The Sindh government has assured that it will implement recommendations of a study titled ‘Issues of Girls’ Education in Sindh’ that was undertaken by the Provincial Ombudsman Sindh in collaboration with the International Ombudsman Institute (IOI) under a regional subsidy programme.
According to the IOI, the main objective of the study was to know the present status of girls’ education in the province under the Sindh’s Right to Education Act 2013. It was also aimed at making recommendations that could be beneficial for preparing a policy framework that would help control maladministration in the education sector of the province.
“The key objectives of the study are to identify the dynamics of socio-cultural, economic, political, religious and supply-side factors, hampering the gains of girls’ education in Sindh,” the study reads.
The study concluded that one of the major reasons behind girls being deprived of education was patriarchal hegemony while among the out-of-school children, girls were more than boys.
It said that female teachers in girl schools were essential as cultural norms were against male teachers teaching female students.
According to the report, a significant number of families preferred to invest in education of their sons instead of daughters. “Dropout of school children in general and the girls, in particular, is a chronic issue in Sindh; particularly in the rural areas. When children transit from primary to secondary schools, the rate of dropout gets higher,” reads the study.
It also mentioned that the shortage of middle, secondary, and higher secondary schools and lack of basic facilities in schools in Sindh were also major reasons that contributed to the low literacy of girls. Parents also avoided sending their daughters to a school located far away from their homes.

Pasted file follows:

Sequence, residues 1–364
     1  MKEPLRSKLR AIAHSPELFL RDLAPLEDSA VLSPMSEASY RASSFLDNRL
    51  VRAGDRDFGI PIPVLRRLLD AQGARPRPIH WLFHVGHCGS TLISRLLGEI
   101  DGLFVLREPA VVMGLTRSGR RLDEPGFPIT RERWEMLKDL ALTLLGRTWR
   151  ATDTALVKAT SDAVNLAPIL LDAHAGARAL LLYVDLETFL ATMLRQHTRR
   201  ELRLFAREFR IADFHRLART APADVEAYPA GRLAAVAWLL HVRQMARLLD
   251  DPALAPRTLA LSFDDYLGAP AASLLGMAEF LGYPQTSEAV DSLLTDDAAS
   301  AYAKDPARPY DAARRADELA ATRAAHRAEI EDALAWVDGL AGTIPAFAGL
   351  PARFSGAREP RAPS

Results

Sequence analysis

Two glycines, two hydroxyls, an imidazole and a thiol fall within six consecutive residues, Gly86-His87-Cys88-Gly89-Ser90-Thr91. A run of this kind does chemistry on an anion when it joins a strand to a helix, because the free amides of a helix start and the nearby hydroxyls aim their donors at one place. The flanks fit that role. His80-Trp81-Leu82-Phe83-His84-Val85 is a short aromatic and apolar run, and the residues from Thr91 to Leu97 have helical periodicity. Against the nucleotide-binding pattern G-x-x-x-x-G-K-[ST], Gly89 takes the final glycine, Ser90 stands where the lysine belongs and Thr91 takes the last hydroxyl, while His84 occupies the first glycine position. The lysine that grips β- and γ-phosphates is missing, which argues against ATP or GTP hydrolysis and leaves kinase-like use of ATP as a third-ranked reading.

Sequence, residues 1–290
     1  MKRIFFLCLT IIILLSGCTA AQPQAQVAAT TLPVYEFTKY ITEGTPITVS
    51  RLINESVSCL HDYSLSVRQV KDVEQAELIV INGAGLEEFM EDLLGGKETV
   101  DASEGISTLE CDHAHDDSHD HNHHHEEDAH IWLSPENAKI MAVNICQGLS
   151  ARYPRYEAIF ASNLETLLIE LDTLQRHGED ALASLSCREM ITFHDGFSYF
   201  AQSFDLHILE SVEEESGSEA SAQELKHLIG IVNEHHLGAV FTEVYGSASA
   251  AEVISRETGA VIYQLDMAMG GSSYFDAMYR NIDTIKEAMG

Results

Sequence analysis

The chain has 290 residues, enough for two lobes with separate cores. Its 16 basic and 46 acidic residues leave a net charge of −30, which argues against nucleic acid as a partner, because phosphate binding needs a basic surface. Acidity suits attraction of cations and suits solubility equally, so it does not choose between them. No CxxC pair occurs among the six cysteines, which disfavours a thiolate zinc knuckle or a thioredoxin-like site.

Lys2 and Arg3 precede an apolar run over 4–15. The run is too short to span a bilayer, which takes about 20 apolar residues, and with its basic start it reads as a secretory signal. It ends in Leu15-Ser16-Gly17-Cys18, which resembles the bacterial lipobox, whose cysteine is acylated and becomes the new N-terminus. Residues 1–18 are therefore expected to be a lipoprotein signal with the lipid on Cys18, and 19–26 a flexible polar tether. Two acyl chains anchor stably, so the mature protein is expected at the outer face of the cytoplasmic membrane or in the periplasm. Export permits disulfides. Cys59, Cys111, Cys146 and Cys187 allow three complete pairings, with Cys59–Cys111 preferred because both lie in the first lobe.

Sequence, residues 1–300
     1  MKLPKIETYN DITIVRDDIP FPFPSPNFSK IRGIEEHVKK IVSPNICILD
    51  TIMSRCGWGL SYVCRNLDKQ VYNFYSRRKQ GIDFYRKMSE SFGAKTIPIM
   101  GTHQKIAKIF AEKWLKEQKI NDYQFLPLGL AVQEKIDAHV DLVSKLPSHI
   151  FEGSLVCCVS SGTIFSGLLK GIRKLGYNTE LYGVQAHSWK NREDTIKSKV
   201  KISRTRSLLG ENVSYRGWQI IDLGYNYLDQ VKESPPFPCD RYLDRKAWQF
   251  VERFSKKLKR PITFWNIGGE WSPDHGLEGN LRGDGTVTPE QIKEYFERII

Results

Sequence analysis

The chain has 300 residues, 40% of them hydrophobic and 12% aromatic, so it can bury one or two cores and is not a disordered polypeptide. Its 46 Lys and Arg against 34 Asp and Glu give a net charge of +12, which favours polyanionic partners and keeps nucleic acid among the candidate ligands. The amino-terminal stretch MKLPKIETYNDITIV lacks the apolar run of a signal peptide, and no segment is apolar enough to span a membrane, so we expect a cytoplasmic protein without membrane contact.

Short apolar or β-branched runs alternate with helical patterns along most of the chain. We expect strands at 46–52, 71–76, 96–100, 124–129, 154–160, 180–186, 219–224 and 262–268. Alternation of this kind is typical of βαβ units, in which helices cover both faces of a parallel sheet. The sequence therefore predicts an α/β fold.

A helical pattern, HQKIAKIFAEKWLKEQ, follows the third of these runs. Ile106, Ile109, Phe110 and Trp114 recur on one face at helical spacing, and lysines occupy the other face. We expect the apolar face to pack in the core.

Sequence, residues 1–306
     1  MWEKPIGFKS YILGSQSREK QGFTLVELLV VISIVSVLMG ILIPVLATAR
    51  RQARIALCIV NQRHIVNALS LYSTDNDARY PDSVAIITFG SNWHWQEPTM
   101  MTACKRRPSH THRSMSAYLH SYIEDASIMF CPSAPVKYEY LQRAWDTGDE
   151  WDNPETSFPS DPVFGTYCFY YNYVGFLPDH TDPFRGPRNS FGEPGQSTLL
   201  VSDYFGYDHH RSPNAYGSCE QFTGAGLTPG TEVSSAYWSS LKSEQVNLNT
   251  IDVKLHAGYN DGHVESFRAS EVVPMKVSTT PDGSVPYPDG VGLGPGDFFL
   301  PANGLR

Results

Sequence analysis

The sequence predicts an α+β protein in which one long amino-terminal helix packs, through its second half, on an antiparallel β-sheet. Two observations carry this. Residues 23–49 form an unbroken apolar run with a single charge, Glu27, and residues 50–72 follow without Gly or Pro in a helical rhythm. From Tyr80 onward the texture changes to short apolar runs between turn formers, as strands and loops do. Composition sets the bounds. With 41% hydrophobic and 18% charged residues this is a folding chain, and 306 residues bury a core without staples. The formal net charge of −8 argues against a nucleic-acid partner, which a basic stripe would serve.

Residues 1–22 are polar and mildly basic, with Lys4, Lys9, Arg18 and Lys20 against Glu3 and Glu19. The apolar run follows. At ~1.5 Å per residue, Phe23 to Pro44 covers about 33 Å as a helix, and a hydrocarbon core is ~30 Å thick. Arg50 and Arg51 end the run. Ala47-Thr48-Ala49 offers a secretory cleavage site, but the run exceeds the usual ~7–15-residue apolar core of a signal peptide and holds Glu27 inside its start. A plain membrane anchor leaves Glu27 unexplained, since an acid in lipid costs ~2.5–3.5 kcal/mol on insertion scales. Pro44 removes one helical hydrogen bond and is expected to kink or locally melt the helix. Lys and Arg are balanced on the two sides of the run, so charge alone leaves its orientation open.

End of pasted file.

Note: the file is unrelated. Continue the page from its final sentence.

“Girls in government schools drop out drastically after completing primary education as the middle or high schools are not available in the vicinity. It starts from grade 4 and onwards when girls grow up. Especially, when there is no female teacher in the school,” reads the study.
The report, however, mentions that the mindset against girl education seems to be changing in the province but still much work is needed to overcome the gender gap in the education system.
The Sindh Ombudsman has recommended that there is a need to review the existing policies from a gender perspective and strengthen the monitoring mechanism. It requires collaborative efforts from all the key stakeholders, including the school education department, Sindh Education Foundation (SEF) and local administrative offices.
Likewise, awareness campaigns and workshops with the community should be held at the local level on a regular basis so that the people could send their daughters to schools. The study also calls for making women heads of the school management committees to increase girls’ enrolment in schools.
The report recommends that gender units be established at both the education department and SEF so that they could ensure equal enrolment in schools. “For increasing girls’ enrolment at post-primary level, it is recommended that Government Boys High Schools and Government Boys Higher Secondary Schools may be renamed as Government High Schools and Government Higher Secondary Schools respectively,” reads the study.
The report also calls for the Sindh labour department and Children Complain Office of Provincial Ombudsman to play a strong role in enforcing and monitoring the child labour laws. It also stressed the need for prioritising girls’ education in the informal stream of education.
Sindh Ombudsman Ajaz Ali Khan said that after the study was presented to the Sindh chief minister in the last week of October, the CM assured of his support for the implementation
of the study’s recommendations.
The Ombudsman’s press statement reads that the CM issued directives to the school education secretary, SEF and other stakeholders to extend support for the implementation of the recommendations of the study.
Source: The News